Writers’ Club Blood Bath

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I decided if I was going to take my writing seriously, and eventually make more than a hobby out of it, I better get used to sharing my work with strangers, and so I recently took the plunge and found a local writer’s club.

It was a small group, only two of us submitting work to be critiqued – one of them being mine.

I’ve worked tirelessly on this first chapter. As many of you can relate, it’s my baby. It’s the beginning, the conception, the dawn, the inception even, of dreams, goals, successes and failures – my writing journey.

And so, as I sat at the head of the table, under the “cone of silence” for 20 minutes while the group critiqued my work, it felt like they were calling my newborn baby ugly.

Most had kind things to say, with constructive criticism that I could actually use to put towards helping “my baby” develop. One person in particular (we will call him Mr. middle aged metro sexual) had just awful critical and judgmental things to say.

I scribbled away, taking as many notes as possible to reflect later and re-edit. But, I couldn’t help thinking, wondering, how much of this critique was actually good advice? After all, “Mr. middle-aged metro sexual” hasn’t submitted any work, ever, to the group. How do I know how good his advice is? Does he know what he is talking about, or does he just get his rocks off on bringing others around him down? In the same seat as myself, never published, at the infancy of writing, what makes his opinion valid?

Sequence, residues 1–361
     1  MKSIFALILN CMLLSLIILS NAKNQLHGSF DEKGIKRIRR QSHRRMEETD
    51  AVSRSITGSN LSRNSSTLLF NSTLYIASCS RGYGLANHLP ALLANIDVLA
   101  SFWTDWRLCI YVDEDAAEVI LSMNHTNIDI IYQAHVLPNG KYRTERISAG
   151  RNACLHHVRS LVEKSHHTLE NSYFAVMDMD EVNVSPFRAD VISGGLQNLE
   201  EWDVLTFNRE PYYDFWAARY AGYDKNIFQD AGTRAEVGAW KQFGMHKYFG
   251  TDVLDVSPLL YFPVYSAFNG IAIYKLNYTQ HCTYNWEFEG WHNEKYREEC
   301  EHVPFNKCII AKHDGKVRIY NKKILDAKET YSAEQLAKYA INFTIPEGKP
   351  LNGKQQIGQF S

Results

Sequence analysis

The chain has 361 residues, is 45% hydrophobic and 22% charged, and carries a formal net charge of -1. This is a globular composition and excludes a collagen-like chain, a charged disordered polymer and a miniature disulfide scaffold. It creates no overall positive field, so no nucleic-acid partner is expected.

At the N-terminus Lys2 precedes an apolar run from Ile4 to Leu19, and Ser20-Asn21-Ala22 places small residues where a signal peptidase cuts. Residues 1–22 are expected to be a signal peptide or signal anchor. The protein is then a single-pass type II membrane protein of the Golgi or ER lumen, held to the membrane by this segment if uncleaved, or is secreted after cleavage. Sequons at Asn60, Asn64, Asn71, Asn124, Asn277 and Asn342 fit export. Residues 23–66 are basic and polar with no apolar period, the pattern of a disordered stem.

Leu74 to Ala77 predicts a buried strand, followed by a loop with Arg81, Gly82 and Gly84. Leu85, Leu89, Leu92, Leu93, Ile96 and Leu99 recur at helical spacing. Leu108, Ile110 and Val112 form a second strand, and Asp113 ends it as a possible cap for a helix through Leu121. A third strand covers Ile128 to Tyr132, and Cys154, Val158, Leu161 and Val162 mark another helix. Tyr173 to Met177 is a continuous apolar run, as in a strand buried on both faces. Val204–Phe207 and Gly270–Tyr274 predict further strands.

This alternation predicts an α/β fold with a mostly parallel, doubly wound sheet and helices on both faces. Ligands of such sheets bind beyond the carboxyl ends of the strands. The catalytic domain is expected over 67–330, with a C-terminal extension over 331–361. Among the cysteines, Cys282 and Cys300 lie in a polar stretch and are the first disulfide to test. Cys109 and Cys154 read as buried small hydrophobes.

Overall, I took away many positive attributes from the group.

#1: It is a safe place to share my work

#2: It’s un-biased, which is always a plus

#3: Networking, networking, networking

#4: It was really fun to talk to like-minded people and score a few writing tips

#5: The thickness of my skin grew a little, even if it was difficult to take some of it.

Overall, I will go to the meeting again in 3 weeks. I won’t be submitting this time, just taking in others’ work and critiquing. I will be careful, not to add to any of the blood splashed across the coffee house floor. I plan to be delicate but helpful – coddling their baby but insisting it needs a bath if need be…

 

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We read to learn, to feel, to laugh, to understand others. We write to teach, express, communicate, to inspire others. I created Invisible Ink as an outlet of sorts, an area where I can organize the chaos; a place where hopefully I can be true to myself, and my readers. Writing is personal, it takes a brave and dedicated soul to formulate a piece and then share it with the world. That being said, I get just as much out of reading other's work as I do sharing mine ( I am always open to manuscript review swaps, just send me a message). Words read off a page evoke emotions. When taken out of context, or through an out of focus lens - anyone can mold the words, shifting their meaning to fit their agenda or distorted outlook. Staying true to form and myself, I won't censor my content, but I will censor my audience. Whatever lens you happen to be reading this through - I hope you enjoy!

4 thoughts on “Writers’ Club Blood Bath

  1. Oh, I’m so sorry for the hurt. In the past, I’ve tried listening to those who said, “Take what you need and leave the rest behind,” but it didn’t make the insensitive comments less painful. I admire your courage, though. Perhaps at some point an evening class — with an experienced teacher who can manage the oafs in the room? Leslie

    1. Thanks for the advice! Being a first timer, I wasn’t sure how much to take away.I definitely got some things I needed out of the meeting though, so all in all, it was a great experience!

  2. Thanks for the reply Elaine – good stuff! It actually went into my email and titled “do not reply” I will try to see if I can post it back on here. That strategy seems to be useful, that way everyone knows what is coming, and what to remember when writing.

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